Battlefield is one of the biggest franchises in EA’s warchest. The dedicated players to the PC platform have turned it into a cult staple with its intense competitive nature and focus on large-scale warfare. With the Battlefield 3 attention to detail, fans wondered how DICE was going to upgrade the game to the point of dropping another $60 for Battlefield 4 (PC/PS4/Xbox One/PS3/Xbox 360).
Normally, with BF titles, you will get some mind-blowing, best in the business graphics, obnoxiously short campaign, and enjoyable multiplayer experience. And speaking of multiplayer, that is where about 80% of the game’s focus is placed. But let’s start with the campaign.
People have complained about Battlefield’s campaign for years because, honestly, BF games are about the multiplayer and the adventures you create with your friends. Ever since 1942, BF‘s best experiences were had online the latter games’ campaigns became afterthoughts once you got a taste of the online play. DICE remembered its roots with Battlefield 4 and, in result, you get an over-produced 10 hour campaign.
Though short, you totally want to play the single-player run through in BF4. It’s truly a decent story and a slight challenge that will at least make you want to finish once you start. You play a US Marine Sergeant followed by a squad of two other marines and a lady Chinese double-agent. It’s six years after BF3, and China is the new enemy. You are behind enemy lines, and you work your way on what seems to be only rescue missions wrapped with set pieces engineered for shock-and-awe.
The characters aren’t memorable, except for the black character, Irish, who is annoyingly insubordinate the whole game. The perks of playing the single player include the ability unlock weapons for online play. DICE intelligently made the weapons worth your while, and you go ahead and play along because, you know, more weapons.
And that, ladies and gentlemen, is where the strength in Battlefield 4 expands over all competition: the weapons. What you get in BF4, as with it predecessors, is an extensive and detailed arsenal you obtain by playing one of the 4 classes of your choice. Each class gets access to shotgun and PDW weapons, with a new addition of marksman rifles for snipers, and more carbine guns for everyone else. There’s also a fifth tier that unlocks through all class progression primarily offering hand pistols and grenades. You know the system’s deep when you have six offensive grenades at your disposal: compared to two in the previous games. This is a great addition in that it totally expands the possibilities in CQ combat.
DICE spent a lot of time bragging about the return to the commander role on the battlefield; first introduced in Battlefield 2. For those who enjoy EA’s Command and Conquer (God rest its soul), this would be right up your alley. The all new ‘Commander Mode’ allows you to control your faction, with attack order, weapon drops, and even scud missile attacks and UAV deployments. The truly enjoyable mode can be the deciding factor in close knit matches.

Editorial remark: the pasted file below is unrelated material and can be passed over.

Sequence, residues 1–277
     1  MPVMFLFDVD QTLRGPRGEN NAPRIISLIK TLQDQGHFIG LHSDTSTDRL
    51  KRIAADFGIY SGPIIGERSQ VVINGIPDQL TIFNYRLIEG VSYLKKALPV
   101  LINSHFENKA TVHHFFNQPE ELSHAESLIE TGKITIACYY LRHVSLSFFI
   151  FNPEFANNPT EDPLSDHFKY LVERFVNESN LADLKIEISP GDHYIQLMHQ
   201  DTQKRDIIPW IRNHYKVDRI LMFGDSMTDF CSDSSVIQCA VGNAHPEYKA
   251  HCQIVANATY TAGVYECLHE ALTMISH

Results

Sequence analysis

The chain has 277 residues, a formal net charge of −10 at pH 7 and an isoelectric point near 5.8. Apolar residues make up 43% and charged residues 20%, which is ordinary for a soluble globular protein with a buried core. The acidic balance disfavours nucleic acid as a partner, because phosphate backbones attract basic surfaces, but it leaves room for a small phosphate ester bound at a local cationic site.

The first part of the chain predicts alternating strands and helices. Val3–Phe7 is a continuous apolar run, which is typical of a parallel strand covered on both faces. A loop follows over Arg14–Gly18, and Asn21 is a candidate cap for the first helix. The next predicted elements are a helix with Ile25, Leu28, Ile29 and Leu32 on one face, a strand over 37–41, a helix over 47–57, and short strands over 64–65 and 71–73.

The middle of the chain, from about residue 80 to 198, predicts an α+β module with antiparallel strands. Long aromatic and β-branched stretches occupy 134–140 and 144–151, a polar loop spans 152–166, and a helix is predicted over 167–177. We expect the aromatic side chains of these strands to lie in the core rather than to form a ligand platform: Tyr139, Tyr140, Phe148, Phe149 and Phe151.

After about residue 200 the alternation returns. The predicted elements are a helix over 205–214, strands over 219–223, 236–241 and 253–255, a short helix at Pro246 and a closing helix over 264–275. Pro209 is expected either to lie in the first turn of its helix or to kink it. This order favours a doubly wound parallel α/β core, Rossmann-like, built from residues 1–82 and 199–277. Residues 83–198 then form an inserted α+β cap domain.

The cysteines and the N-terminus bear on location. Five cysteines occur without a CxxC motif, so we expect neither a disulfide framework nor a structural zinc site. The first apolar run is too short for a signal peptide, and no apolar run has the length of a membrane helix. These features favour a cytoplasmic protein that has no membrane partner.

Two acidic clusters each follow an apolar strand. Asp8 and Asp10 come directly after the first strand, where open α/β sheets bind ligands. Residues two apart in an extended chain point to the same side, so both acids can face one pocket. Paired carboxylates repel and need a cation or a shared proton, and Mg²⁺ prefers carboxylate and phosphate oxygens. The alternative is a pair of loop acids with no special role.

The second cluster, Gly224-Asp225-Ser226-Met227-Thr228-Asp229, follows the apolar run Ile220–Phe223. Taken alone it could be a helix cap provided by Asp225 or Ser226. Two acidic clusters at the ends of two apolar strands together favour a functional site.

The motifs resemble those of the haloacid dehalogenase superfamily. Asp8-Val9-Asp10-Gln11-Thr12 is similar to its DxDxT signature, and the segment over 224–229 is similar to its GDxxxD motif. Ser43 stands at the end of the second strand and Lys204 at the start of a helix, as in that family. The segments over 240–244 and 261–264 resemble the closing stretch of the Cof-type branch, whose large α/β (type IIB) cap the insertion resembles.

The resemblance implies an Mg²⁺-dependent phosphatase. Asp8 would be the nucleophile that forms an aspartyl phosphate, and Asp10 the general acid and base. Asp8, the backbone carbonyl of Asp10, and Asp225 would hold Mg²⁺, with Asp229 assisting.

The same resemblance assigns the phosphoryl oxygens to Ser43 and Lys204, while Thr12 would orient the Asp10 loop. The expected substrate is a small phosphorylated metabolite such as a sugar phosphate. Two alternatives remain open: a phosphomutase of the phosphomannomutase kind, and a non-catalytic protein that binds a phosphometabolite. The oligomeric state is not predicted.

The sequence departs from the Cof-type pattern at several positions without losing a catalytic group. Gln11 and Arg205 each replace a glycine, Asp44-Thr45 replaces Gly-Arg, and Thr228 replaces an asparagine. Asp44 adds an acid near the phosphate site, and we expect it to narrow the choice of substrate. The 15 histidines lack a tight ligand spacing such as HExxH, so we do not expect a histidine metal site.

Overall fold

Actual infantry controls are greatly upgraded from BF3. Hit detection feels more accurate, knife kills can now be counter-attacked, your scopes can be changed mid-spawn with certain attachments and peeking around corners has been added. BF4‘s weapon recoil and accuracy make players really feel in control with the snappy aim and crisp blur-effect.
Vehicles received an upgrade, as expected. The balance in the infantry classes seemed to spill over into the tanks, planes, choppers, and the new addition of attack boats. Attacking the vessels cause for realistic immobility and reduced effectiveness. With the newer vehicles, BF4 created a more destructive environment in the game. You can penetrate non-armor facilities better, and even completely take down buildings or electricity on levels. You can even anticipate a monsoon during a match.
Lastly, as expected again, the graphics got an upgrade. Not huge, but power necessary to run the game on max via PC or new generation consoles easily shames the visuals seen on PS3 and Xbox 360. There are many reports of crashes on PCs, due to server issues. Having experienced this, the BF4 community is still thriving across all platforms.
The game’s better than its predecessor and it definitely worth a buy. The grinding for new weapons is very rewarding and the shenanigans you get into with friends are endless. With the new DLC on the horizon, you can expect much more in-game features and weapons to keep you busy for hours.